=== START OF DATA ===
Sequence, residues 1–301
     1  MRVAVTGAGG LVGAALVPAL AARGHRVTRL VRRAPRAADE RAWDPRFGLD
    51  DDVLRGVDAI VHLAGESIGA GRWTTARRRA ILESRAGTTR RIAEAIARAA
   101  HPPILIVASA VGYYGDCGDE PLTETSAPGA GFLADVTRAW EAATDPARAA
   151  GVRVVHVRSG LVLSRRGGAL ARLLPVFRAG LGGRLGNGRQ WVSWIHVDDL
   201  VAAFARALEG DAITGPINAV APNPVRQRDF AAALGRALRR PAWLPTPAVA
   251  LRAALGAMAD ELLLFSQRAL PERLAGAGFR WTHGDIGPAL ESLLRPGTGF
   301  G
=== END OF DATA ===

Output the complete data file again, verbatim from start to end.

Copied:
Sequence, residues 1–301
     1  MRVAVTGAGG LVGAALVPAL AARGHRVTRL VRRAPRAADE RAWDPRFGLD
    51  DDVLRGVDAI VHLAGESIGA GRWTTARRRA ILESRAGTTR RIAEAIARAA
   101  HPPILIVASA VGYYGDCGDE PLTETSAPGA GFLADVTRAW EAATDPARAA
   151  GVRVVHVRSG LVLSRRGGAL ARLLPVFRAG LGGRLGNGRQ WVSWIHVDDL
   201  VAAFARALEG DAITGPINAV APNPVRQRDF AAALGRALRR PAWLPTPAVA
   251  LRAALGAMAD ELLLFSQRAL PERLAGAGFR WTHGDIGPAL ESLLRPGTGF
   301  G